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Metabolic syndrome may hasten 'neuroaging'.

Mid-Atlantic Bureau

CHICAGO--Older people with metabolic syndrome are significantly more likely to experience depression and deficits in cognition and function as they age than are their healthier peers.

The presence of metabolic sydrome explained up to 34% of the age-related declines that Dr. Matheus Roriz-Cruz observed in a prospective study. "The results of this study reinforce the importance of maintaining good physical health in order to reduce the risk of experiencing cognitive decline," he said at the International Conference on Alzheimer's disease.

The study included 422 older, community-living subjects aged 60 years and older. Most of the subjects (256) did not have metabolic syndrome. No significant difference was found in socioeconomic status. years of education, alcohol and tobacco use, heart disease, or stroke. However, significantly more of those without metabolic syndrome were actively employed (67% vs. 55%) and engaged in regular exercise (41% vs. 19%).

Dr. Roriz-Cruz of the Federal University of Rio Grande do Sul State, Porto Alegre, Brazil, and his colleagues used six measures to evaluate mental and physical health: the Mini-Mental State Examination (MMSE), Geriatric Depression Scale, activities of daily living, executive function, the timed "Up and Go" test, and functional reach. In all of these measures those without metabolic syndrome scored significantly higher than did those with the disorder throughout the spectrum of ages included in the study.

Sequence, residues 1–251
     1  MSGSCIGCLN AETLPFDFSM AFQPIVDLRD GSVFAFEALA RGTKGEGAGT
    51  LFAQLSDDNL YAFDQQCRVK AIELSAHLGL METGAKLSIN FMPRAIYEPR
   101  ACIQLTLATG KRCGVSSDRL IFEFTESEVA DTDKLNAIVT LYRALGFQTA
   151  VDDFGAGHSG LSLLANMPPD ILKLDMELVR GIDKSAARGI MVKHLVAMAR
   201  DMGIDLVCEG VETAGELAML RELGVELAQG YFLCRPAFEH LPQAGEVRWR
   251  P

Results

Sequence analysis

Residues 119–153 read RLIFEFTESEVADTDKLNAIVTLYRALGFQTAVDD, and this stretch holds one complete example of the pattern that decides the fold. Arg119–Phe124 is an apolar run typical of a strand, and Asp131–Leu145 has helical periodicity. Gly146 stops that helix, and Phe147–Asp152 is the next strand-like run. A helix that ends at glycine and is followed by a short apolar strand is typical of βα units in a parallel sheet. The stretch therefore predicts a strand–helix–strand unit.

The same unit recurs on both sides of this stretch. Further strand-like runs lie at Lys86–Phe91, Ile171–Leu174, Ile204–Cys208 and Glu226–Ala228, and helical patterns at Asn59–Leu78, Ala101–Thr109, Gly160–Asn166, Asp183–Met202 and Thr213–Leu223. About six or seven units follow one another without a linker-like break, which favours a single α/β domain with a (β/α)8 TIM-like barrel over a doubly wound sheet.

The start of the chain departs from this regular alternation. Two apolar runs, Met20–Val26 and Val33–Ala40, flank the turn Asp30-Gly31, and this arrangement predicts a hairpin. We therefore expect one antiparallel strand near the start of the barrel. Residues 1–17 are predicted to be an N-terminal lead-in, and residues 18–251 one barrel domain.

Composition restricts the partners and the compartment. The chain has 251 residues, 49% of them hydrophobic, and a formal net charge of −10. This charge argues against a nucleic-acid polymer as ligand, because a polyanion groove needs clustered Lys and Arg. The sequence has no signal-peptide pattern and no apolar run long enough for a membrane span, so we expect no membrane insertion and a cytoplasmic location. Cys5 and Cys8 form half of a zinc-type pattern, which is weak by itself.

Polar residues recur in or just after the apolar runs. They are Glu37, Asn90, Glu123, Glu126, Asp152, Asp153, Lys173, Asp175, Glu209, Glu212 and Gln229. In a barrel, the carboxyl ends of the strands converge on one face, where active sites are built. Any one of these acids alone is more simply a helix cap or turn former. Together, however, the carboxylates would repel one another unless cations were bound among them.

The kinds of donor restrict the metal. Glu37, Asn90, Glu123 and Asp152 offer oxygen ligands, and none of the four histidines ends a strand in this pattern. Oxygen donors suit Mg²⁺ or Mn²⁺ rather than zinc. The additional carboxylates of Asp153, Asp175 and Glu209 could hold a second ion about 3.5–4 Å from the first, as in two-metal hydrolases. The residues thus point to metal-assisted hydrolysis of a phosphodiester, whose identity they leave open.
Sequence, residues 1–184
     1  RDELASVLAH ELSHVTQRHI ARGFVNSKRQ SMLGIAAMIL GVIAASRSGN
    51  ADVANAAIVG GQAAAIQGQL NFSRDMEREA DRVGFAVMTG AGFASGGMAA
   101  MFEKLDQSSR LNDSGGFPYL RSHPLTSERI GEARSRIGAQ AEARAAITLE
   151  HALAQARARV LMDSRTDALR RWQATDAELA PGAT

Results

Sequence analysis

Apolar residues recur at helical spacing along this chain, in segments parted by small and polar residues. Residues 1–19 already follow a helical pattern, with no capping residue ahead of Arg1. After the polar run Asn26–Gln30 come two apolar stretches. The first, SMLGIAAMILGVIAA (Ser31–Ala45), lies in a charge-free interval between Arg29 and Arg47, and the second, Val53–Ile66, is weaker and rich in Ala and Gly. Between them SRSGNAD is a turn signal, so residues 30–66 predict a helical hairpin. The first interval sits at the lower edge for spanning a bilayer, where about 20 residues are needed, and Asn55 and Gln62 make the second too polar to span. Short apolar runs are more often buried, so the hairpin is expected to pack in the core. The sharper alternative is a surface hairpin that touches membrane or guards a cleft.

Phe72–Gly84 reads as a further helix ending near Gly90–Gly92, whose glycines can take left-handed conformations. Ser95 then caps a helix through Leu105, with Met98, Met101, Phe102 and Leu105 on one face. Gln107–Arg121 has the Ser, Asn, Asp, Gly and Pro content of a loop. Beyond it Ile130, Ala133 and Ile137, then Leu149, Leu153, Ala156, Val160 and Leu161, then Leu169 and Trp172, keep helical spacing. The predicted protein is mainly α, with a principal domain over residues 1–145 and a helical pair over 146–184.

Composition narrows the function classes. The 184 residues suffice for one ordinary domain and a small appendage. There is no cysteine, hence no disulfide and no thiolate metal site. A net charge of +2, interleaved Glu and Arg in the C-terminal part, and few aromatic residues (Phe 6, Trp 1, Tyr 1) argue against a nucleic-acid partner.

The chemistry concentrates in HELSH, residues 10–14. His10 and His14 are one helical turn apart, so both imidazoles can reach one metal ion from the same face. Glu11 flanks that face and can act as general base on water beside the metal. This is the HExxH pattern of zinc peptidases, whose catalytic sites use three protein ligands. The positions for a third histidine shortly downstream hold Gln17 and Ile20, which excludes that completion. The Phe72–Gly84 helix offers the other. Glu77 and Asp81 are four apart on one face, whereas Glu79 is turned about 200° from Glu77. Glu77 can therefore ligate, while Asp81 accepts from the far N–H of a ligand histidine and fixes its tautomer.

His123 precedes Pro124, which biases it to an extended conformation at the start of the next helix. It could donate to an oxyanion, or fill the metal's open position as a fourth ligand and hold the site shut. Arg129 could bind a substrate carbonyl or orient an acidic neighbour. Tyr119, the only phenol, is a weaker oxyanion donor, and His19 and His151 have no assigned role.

On all measures, both groups showed an age-related pattern of decline. But the decline was significantly steeper among those with metabolic syndrome.

Age alone explained 47% of the MMSE score variance in the metabolic syndrome group, but just 13% among controls. Similarly, while depression scores were not related to age at all in the control group, age accounted for 19% of the variance on the Geriatric Depression Scale in the metabolic syndrome group. On balance, age accounted for 3% of the control group's decline and 11% of the decline in the metabolic syndrome group. On executive function-directed activities of daily living, age accounted for 7% of the control group's decline, but 14% of the decline seen in those with metabolic syndrome.

"The mean scores in the neurofunctional tests worsened much more with increasing age in the metabolic syndrome group," Dr. Roriz-Cruz said in an interview. "This might mean that people with metabolic syndrome age faster, not only in terms of vascular aging [as is already known], but also in terms of 'neuroaging.'"

The possibility that those with metabolic syndrome age faster makes sense considering that caloric restriction seems to slow the process of aging in mice, chimpanzees, and humans, he said. "Both metabolic syndrome and caloric restriction seem to be associated with peripheral insulin sensitivity.

"What should doctors say to their patients? Simply that we are realizing that exercise and healthy eating are not only good for the health of the body but also for the health of the brain. It is not a difficult concept to understand, but it is a difficult concept tot be put into practice."
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Title Annotation:Endocrinology
Author:Sullivan, Michele G.
Publication:Internal Medicine News
Article Type:Clinical report
Geographic Code:1USA
Date:Oct 1, 2008
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